checkerboardom asked:



And I have so many questions!

First of all, when is Reverb coming back because he made a lot of promises to Vibe that would seem a little silly and full of himself (which he is an love it) if that’s how he ends. I mean the way Killer Frost and Death Storm Skittered away from his evidence enough of how that can’t be it for him. 

Secondly, what’s his make up routine because he was looking so good! I’m pretty sure we use the same color foundation. And is it me, or did his skin have a subtle gold glow, like even for Earth 2 standards? I’m pretty sure Reverb puts on glittery bronzer before he goes out to wreck shit.

Third, his speech pattern, which was giving me some distinctly Leonard Snart ish vibes. Everyone knows I kind of hate that overdramatic drawl, but on E2 Cisco it was like meant. to. effing. be.

Fourthly, his uniform! I knew Cisco would look good in leather, I’ve always said so. I would like to thank who ever is listening for that jacket.

And the hair!!! ugh Our lil Cisco may hate it, but I just loved everything about it. And him.

Ugh in total, this episode had nowhere near enough Ciscos for my liking but damn what they did have killed me resurrected my ass in the same breath. I just can’t stress enough how this cannot be the last we see of Reverb

[Continued from here]

It’d be a lie to say the other’s random appearance didn’t nearly scare the life out of Umbra as he suddenly found himself skittering away from a…


Oh, not another one.

However, this one appeared to be injured. Severely at that. The Shadow nearly laughed at the thought. Nevertheless, as much as he hated fragments, he still approached carefully while crouched low to the ‘ground’ beneath his feet.

Was this one even conscious? He appeared to be broken into pieces. He pondered the possibility of ending the Fragment’s life just to spare him the torture of what pain he was likely in.

Would he be functional enough to understand his signing or must he try to speak? Only one way to find out, he supposed. He blew out a sigh as he stopped only a few feet from the fragment, and carefully extended an inky black hand to gently prod his arm.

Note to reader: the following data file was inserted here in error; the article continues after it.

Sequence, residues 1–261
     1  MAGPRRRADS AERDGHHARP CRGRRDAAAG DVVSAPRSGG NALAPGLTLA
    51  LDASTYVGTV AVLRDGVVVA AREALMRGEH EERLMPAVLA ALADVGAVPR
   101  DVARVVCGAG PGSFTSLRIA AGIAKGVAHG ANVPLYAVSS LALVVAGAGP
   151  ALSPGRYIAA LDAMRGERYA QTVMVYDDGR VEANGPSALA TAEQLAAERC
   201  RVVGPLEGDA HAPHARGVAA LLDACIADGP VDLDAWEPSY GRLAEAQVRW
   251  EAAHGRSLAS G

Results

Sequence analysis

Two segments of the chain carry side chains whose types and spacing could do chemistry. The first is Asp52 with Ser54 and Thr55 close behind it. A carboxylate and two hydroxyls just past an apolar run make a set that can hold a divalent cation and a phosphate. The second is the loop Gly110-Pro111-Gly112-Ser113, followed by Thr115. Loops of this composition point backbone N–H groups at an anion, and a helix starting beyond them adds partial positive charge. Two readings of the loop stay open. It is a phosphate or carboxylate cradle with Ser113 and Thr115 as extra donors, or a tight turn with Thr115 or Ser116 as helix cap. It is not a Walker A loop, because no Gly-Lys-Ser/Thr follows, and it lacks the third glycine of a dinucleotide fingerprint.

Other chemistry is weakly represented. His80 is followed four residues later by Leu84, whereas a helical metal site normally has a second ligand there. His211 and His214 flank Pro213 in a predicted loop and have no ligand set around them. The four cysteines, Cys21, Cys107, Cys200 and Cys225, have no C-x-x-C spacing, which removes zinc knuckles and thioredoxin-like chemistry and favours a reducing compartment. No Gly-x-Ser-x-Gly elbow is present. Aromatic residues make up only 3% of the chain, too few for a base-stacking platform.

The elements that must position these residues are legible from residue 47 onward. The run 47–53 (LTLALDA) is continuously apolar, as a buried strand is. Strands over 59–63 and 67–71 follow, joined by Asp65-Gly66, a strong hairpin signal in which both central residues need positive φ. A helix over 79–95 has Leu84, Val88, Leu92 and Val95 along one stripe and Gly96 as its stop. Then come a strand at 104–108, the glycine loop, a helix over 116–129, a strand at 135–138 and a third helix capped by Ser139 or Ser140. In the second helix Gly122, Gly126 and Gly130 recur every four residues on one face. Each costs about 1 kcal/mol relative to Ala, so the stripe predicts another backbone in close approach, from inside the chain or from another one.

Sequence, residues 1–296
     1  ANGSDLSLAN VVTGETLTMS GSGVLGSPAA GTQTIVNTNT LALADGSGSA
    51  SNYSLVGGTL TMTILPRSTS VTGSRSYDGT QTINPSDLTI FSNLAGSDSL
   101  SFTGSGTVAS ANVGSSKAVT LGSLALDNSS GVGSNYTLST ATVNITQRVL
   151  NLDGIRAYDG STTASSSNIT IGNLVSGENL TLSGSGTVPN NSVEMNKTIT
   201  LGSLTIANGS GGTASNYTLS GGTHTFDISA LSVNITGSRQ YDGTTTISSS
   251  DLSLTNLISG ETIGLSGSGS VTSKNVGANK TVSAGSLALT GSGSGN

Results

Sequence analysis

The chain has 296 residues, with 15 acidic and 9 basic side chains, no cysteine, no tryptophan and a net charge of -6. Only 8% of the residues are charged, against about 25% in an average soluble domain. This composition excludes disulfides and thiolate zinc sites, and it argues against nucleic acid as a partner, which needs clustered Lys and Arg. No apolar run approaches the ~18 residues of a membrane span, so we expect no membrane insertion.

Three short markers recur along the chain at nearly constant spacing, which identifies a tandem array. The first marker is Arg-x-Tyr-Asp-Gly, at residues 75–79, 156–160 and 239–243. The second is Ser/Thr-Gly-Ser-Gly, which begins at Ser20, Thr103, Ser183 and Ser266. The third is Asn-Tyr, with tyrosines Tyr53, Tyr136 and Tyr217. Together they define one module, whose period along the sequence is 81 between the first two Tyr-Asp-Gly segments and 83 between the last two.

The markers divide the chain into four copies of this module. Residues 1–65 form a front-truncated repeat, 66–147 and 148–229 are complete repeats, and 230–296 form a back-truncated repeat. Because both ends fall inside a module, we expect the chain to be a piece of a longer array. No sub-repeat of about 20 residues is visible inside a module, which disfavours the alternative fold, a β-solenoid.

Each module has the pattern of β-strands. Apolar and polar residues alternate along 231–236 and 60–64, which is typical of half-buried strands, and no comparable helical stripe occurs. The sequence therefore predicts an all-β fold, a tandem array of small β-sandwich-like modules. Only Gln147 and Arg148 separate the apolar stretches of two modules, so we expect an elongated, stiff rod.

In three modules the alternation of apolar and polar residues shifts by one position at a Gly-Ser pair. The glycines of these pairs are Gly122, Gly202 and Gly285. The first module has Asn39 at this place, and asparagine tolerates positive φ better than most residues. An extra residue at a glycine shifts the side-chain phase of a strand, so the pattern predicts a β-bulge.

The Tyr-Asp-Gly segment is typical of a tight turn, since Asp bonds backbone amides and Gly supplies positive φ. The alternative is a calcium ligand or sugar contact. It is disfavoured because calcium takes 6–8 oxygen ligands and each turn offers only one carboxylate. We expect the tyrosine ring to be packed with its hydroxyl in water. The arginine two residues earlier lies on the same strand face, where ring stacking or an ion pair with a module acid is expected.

Sometimes, talk isn't the answer.

The PC’s are investigating a house for the disappearance of a detective:
Me: There’s a cockroach skittering along the ground among the debris.
Cleric: Take my language helmet and talk to it!
Me: Are you sure you want to do this?
Ranger: (already putting helmet on) Yes!
Roach: (quiet and muffled talking noises)
Roach: (tiny screaming)

My Wife is the Universe made sapient

and it can be a little frustrating.

We’ll be having a conversation like any other couple. But if I happen to stare at my Wife for too long, the cognitive basin that captures my everyday sensory experiences as an ordinary human begins to churn and distort–

My skull becomes a windtunnel for the most unfathomable sounds of atmospheric space: Star-eating chasms of End Time howl in unimaginable sound registers right behind my eyes. I start floating through my skin. I am untethered from my body.

My faculties begin to unravel; the neurological limits of my human comprehension can’t make sense of what it sees– what my Wife is. In the corner of my eye, something black leaks through the seams that hold the laws of reality together. It blisters and gapes, but I can never look directly into the wound; it skirts my view like skittering insects on the carcass of the rational mind.

And then I tear my eyes away from my Wife. And the physical sensation of violently plummeting back into my bones pulverizes the oxygen from lungs like an airlock failure. That unearthly howling in my ears returns to vascular blood, and it thunders of my human frailty.

Still, the sex is beyond description. My Wife’s mouth carves out my subatomic obliteration beyond the mist of blood and flesh, and for millennia, I inhabit the spaces between what and when; I watch the dying Red Giant swallow all that exists in the observable universe. And with that tongue, I am remade–

but we can’t go to restaurants together which kinda sucks

I Only Have Eyes For You

Happy Birthday @ackersoldier! I was tasked to write porn, and someone wearing eye make-up to good effect for the first time. A No Name AU. No warnings but there is a bit of smut. 3.2k.